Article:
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||Lawrence Treat (1903-1998) - pseudomym of Lawrence Arthur Goldstone|
American writer, a three-time Edgar Allan Poe Award Winner, frequently called the "father" of modern police procedural novel. Treat himself did not accept the honour, although his early novels paved way to the radio and television police series Dragnet, John Creasey's Gideon stories, and Ed McBain's 87th Precinct novels. (See also Chester Himes and his series of Coffin Ed Johnson and Grave Digger Jones.) But as a pioneer in mystery genre, Treat developed a narrative framework, which differed from the traditional detective story, where the story centers on a single person, like Sherlock Holmes or Inspector Maigret. In Treat's novels there is a group of police detectives with family problems. They have conflicts inside departments, and work under-staffed too long hours. The formula, which he started in the 1940s, have since been used repeatedly in books, movies, and television series.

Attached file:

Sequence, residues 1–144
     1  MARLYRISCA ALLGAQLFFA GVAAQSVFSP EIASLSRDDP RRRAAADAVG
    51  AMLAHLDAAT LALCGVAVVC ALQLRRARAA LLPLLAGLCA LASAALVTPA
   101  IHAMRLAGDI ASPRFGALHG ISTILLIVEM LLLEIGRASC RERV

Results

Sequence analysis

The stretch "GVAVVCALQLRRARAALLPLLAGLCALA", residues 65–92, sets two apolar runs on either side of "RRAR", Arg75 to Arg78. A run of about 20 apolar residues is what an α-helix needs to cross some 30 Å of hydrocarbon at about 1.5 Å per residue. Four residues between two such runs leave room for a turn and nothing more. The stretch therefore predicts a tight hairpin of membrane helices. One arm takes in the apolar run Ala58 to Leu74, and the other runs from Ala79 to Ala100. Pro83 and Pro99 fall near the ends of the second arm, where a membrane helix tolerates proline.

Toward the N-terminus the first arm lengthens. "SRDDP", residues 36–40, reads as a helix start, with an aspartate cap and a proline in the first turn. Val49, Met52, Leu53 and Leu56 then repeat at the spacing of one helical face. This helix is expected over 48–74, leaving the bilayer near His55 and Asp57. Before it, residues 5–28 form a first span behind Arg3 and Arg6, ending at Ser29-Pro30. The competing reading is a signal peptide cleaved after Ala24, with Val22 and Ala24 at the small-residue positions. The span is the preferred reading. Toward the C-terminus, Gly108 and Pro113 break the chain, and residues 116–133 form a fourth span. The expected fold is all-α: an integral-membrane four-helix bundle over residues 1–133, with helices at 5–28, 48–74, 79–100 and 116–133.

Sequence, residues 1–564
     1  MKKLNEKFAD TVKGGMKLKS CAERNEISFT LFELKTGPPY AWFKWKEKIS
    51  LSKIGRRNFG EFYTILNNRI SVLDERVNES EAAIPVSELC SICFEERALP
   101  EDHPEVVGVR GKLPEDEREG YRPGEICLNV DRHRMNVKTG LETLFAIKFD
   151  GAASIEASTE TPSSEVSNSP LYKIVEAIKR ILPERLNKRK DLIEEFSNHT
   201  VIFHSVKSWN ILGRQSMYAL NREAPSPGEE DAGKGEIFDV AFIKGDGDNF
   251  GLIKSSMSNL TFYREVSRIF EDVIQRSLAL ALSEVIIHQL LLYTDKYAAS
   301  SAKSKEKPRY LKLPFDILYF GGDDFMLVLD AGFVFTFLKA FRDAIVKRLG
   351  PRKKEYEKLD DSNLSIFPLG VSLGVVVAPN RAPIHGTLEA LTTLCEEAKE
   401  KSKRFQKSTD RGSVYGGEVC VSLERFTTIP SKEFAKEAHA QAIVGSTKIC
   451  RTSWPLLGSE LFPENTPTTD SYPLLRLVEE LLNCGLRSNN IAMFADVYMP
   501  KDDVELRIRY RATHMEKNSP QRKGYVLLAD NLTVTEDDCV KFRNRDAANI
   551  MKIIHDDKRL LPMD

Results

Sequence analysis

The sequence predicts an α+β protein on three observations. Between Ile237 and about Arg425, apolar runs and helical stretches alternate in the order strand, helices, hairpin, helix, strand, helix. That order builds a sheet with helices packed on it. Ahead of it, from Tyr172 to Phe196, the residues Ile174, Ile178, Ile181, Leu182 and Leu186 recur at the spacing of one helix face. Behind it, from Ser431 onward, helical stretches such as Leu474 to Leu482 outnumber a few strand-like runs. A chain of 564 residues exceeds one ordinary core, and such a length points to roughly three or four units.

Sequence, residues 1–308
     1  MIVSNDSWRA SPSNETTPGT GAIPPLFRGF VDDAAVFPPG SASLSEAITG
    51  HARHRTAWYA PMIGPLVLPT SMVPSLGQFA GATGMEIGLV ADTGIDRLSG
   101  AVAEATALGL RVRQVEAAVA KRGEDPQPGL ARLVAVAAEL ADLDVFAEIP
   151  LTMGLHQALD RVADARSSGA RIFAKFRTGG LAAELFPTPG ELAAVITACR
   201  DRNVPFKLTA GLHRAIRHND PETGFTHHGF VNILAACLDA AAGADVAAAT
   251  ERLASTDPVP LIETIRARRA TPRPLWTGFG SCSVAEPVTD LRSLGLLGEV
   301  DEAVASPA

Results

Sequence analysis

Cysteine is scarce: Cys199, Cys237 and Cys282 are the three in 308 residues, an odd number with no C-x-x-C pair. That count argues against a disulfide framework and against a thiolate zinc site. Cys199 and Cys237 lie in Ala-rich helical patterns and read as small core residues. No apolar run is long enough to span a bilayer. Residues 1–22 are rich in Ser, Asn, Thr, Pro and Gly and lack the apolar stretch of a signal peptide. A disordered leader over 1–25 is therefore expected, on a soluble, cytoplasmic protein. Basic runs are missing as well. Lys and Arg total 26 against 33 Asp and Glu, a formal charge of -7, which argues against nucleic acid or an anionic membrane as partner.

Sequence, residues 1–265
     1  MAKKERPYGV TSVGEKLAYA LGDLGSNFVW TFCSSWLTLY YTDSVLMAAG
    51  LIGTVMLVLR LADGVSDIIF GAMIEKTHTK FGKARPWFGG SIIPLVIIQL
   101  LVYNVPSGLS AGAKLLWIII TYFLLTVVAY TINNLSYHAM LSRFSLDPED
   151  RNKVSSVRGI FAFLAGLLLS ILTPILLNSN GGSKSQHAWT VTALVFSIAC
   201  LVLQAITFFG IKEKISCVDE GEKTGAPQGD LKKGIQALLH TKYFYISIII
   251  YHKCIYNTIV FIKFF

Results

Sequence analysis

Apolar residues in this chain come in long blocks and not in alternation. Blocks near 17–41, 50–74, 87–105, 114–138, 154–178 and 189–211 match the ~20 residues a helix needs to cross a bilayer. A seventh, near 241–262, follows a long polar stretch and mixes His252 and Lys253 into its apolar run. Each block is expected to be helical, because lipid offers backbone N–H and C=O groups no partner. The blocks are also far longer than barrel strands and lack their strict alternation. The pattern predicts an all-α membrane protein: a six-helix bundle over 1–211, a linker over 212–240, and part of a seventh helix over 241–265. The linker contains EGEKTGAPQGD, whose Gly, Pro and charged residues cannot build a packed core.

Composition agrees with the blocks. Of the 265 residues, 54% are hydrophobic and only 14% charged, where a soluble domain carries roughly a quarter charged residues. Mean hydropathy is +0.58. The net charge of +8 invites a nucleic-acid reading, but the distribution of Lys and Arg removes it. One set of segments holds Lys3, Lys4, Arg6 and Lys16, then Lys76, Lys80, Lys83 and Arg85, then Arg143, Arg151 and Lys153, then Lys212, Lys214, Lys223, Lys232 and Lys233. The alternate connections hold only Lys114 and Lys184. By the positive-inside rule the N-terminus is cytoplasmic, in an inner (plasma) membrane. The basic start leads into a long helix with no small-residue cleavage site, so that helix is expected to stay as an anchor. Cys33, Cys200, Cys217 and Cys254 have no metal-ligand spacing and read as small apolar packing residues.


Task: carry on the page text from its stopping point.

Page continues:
"... the jury trial is still the best protection we have against injustice. It is one of the best examples of democracy in action, representing the judgment of a cross section of community, not a judge or police officer or government official, but the people. Finally, it has become a marvelous educational tool: every day across the country thousands of Americans pass through our courtrooms as jurors, learning about their Constitution and their Bill of Rights, and for a few hours or a few days rising to a new level of responsibility." (from You're the Jury by Norbert Ehrenfreund and Lawrence Treat, 1992)
Lawrence Treat was born Lawrence Arthur Goldstone in New York; he changed his name legally in 1940. After graduating from Darthmouth College in 1924, he entered Columbia University, attaining a law degree in 1927. For some time, he worked as a lawyer, but when his firm broke up in 1928, he moved to Paris, where a friend provided free room and board. Treat wrote poetry and worked in odd jobs. Realizing that poetry would not give him bread, he turned into writing mystery stories. His earliest contributions to this field were picture puzzles, some of which were collected in Bringing Sherlock Home (1930).